NANCY G. SLUTSKY, Plaintiff-Respondent/ Cross-Appellant,
KENNETH J. SLUTSKY, Defendant-Appellant/ Cross-Respondent. NANCY G. SLUTSKY, Plaintiff-Respondent,
KENNETH J. SLUTSKY, Defendant-Appellant. DONAHUE, HAGAN, KLEIN & WEISBERG, LLC, Respondent.
December 1, 2016
appeal from Superior Court of New Jersey, Chancery Division,
Family Part, Morris County, Docket No. FM-14-1535-08.
S. Snyder argued the cause for appellant/cross-respondent in
A-5829-13 and appellant in A-2813-14 (Snyder, Sarno,
D'Aniello, Maceri & DaCosta, LLC, attorneys; Mr.
Snyder, of counsel and on the briefs; Scott D. Danaher, on
M. Abramson argued the cause for respondent/cross-appellant
in A-5829-13 (Winne, Banta, Basralian & Kahn, PC,
attorneys; Mr. Abramson, of counsel and on the brief).
Donahue, Hagan, Klein & Weisberg, LLC, pro se respondent
in A-2813-14 (Francis W. Donahue, of counsel and on the
Judges Lihotz, Hoffman and Whipple.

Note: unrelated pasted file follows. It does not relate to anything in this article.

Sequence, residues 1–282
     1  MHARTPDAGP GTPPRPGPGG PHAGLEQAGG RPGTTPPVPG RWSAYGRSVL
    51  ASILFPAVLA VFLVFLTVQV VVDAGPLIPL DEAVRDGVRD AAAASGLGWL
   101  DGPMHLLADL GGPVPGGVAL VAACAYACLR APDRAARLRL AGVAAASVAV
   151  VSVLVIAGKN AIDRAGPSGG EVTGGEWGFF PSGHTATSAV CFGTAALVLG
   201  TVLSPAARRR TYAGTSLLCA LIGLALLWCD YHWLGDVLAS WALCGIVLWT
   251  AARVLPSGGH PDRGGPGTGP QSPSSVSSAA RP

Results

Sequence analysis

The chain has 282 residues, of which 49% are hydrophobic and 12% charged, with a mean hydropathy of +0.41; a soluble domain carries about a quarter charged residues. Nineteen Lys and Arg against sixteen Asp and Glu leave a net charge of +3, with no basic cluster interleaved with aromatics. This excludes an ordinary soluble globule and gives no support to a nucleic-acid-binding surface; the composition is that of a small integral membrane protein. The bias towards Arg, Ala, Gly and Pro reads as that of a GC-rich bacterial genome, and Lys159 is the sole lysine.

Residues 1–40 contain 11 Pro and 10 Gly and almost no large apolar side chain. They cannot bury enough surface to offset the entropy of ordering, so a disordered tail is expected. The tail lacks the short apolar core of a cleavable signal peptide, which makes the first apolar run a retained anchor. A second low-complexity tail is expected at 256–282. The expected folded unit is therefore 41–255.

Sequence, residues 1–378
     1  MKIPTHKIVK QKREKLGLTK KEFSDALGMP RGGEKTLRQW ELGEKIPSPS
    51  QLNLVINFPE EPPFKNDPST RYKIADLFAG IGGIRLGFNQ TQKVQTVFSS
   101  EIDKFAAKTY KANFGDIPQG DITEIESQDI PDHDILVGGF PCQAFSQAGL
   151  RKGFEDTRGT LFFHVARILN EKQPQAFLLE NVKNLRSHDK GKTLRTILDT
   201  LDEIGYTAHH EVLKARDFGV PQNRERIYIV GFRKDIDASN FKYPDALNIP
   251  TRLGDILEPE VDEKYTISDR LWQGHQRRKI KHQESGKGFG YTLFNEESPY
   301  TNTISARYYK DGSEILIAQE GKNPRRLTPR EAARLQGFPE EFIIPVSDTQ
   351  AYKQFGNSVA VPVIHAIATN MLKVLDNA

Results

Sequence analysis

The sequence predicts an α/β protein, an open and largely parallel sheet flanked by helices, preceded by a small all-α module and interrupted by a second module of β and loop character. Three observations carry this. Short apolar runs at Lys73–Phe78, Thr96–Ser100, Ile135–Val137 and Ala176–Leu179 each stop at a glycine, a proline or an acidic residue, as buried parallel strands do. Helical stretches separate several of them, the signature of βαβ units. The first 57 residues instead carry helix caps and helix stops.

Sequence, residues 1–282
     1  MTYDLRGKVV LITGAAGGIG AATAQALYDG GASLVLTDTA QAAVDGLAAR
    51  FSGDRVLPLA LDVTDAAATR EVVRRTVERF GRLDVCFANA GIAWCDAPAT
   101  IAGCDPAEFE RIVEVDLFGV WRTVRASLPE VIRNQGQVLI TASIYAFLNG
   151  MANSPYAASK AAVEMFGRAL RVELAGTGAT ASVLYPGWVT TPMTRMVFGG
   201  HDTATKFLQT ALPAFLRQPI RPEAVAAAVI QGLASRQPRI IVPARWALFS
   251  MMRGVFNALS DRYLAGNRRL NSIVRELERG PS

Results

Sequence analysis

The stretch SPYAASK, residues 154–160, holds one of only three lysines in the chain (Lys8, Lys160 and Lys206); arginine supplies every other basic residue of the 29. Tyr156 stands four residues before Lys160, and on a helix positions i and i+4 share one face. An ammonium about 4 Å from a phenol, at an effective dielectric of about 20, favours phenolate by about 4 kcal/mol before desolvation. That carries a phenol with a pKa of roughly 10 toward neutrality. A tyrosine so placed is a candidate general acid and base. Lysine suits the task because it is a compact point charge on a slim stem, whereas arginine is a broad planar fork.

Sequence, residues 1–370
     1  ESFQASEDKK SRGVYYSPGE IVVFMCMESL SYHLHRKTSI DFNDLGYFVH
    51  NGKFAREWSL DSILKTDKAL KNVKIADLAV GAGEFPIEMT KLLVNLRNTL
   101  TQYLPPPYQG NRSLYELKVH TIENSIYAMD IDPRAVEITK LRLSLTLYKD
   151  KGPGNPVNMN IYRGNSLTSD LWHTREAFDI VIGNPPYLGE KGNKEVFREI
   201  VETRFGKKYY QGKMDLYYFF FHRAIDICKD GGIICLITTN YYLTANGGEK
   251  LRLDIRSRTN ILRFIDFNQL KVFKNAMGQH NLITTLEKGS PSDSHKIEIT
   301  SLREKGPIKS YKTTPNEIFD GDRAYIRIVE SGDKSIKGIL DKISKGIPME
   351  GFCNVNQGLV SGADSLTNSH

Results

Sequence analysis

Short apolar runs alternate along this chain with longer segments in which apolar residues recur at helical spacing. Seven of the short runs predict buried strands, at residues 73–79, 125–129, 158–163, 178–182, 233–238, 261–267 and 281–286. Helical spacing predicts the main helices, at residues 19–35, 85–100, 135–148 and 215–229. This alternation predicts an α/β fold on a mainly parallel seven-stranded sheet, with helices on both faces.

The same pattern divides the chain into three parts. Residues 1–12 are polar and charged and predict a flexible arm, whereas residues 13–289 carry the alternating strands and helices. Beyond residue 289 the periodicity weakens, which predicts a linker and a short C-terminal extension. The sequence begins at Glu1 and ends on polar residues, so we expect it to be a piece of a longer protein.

two appeals arise from the parties' matrimonial
litigation. The court scheduled the matters back-to-back
before the same panel to address all issues in a single
Docket No. A-5829-13, defendant Kenneth J. Slutsky appeals
from a May 30, 2014 final judgment of divorce (final
judgment). He challenges various aspects of final judgment;
most significantly, the rejection of evidence regarding the
need to repay family loans and the valuation and equitable
distribution of his interest as an equity partner in a large
New Jersey law firm. Additionally, defendant appeals from the
ordered equitable distribution of what he asserts were
premarital IRAs and the awarded counsel fees and expert costs
to plaintiff Nancy Slutsky. Defendant further challenges a
July 28, 2014 order denying his motion for reconsideration,
and a second order filed the same date, which implemented a
payment schedule for the ordered amount of equitable
distribution and fees.
cross-appeals, challenging the final judgment and the July
28, 2014 orders. She argues the judge improperly denied her
claim for financial adjustments to account for insufficient